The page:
New stereographic techniques were applied to Voyager 1 images to determine the shape and large‐scale topography of Io. The best‐fit triaxial figure has semiaxes of 1830.0, 1818.7 and 1815.3 kilometers with random errors of about 200 meters. Systematic navigation and optical system errors are comparable. The resulting figure is consistent with a differentiated satellite in hydrostatic equilibrium. The deviation from homogeneity could be explained by the presence of an iron core with a radius of about 800 km. Most elevations over areas larger than ≈500 km diameter deviate from the triaxial figure by no more than ±1 km; we suggest that many of these broad topographic swells and basins may be due to isostatic responses to thermal changes in the lithosphere ‐ asthenosphere system. In the simplest picture, increasing the heat flow converts the basal lithosphere into lower‐density asthenosphere, resulting in isostatic uplift. Lithospheric thicknesses ranging from 5 to 100 km may result in elevation variations of up to 1 km. If the large‐scale topography is positively correlated with heat flow, then the global pattern of basins and swells suggests tidal dissipation in a molten or partially molten asthenosphere rather than in the mantle. Areas higher than 1 km may consist of low‐density crustal materials. Media Regio, the largest such region, is centered near the equator at longitude 70°.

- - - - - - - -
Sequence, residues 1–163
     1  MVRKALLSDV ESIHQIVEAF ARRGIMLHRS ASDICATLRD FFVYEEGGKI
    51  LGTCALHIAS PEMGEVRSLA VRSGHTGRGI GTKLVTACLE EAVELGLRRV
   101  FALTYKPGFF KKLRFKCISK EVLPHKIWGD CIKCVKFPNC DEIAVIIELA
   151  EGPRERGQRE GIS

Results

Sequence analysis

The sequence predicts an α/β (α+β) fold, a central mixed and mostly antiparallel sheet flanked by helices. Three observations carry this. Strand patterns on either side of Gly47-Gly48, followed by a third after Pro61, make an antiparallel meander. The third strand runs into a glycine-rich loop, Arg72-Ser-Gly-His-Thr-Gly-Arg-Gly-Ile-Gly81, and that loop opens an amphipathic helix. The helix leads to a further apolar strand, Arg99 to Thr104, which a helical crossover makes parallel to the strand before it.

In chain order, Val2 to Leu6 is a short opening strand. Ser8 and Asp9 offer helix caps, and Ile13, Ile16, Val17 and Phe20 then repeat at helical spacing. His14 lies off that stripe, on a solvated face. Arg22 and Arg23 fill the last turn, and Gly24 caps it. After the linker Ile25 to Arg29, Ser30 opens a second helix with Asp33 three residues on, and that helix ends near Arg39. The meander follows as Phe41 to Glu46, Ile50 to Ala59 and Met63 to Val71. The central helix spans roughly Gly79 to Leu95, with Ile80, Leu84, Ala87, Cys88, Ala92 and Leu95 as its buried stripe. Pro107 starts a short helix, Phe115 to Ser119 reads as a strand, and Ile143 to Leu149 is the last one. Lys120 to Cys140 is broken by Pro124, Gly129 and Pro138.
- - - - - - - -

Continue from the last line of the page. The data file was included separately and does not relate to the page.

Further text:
ASJC Scopus subject areas
- Earth and Planetary Sciences(all)